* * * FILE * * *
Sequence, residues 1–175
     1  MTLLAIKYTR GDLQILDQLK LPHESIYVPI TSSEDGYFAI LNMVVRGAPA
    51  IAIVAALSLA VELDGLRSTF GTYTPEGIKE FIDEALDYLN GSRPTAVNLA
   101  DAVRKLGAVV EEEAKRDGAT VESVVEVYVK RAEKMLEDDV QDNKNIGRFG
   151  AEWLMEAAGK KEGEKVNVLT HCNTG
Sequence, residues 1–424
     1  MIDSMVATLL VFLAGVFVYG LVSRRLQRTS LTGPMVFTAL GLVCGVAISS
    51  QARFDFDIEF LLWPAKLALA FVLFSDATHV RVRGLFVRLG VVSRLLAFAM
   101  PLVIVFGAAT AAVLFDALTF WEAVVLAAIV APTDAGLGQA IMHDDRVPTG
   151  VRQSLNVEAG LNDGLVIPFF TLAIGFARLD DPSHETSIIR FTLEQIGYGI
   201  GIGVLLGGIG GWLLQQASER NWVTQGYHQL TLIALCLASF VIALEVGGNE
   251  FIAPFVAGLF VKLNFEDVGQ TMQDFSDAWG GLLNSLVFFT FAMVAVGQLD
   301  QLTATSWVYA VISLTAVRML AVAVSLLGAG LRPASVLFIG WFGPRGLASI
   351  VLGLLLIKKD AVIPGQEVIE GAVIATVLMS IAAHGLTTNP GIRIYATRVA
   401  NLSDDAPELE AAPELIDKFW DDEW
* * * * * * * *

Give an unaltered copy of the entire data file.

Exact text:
Sequence, residues 1–175
     1  MTLLAIKYTR GDLQILDQLK LPHESIYVPI TSSEDGYFAI LNMVVRGAPA
    51  IAIVAALSLA VELDGLRSTF GTYTPEGIKE FIDEALDYLN GSRPTAVNLA
   101  DAVRKLGAVV EEEAKRDGAT VESVVEVYVK RAEKMLEDDV QDNKNIGRFG
   151  AEWLMEAAGK KEGEKVNVLT HCNTG
Sequence, residues 1–424
     1  MIDSMVATLL VFLAGVFVYG LVSRRLQRTS LTGPMVFTAL GLVCGVAISS
    51  QARFDFDIEF LLWPAKLALA FVLFSDATHV RVRGLFVRLG VVSRLLAFAM
   101  PLVIVFGAAT AAVLFDALTF WEAVVLAAIV APTDAGLGQA IMHDDRVPTG
   151  VRQSLNVEAG LNDGLVIPFF TLAIGFARLD DPSHETSIIR FTLEQIGYGI
   201  GIGVLLGGIG GWLLQQASER NWVTQGYHQL TLIALCLASF VIALEVGGNE
   251  FIAPFVAGLF VKLNFEDVGQ TMQDFSDAWG GLLNSLVFFT FAMVAVGQLD
   301  QLTATSWVYA VISLTAVRML AVAVSLLGAG LRPASVLFIG WFGPRGLASI
   351  VLGLLLIKKD AVIPGQEVIE GAVIATVLMS IAAHGLTTNP GIRIYATRVA
   401  NLSDDAPELE AAPELIDKFW DDEW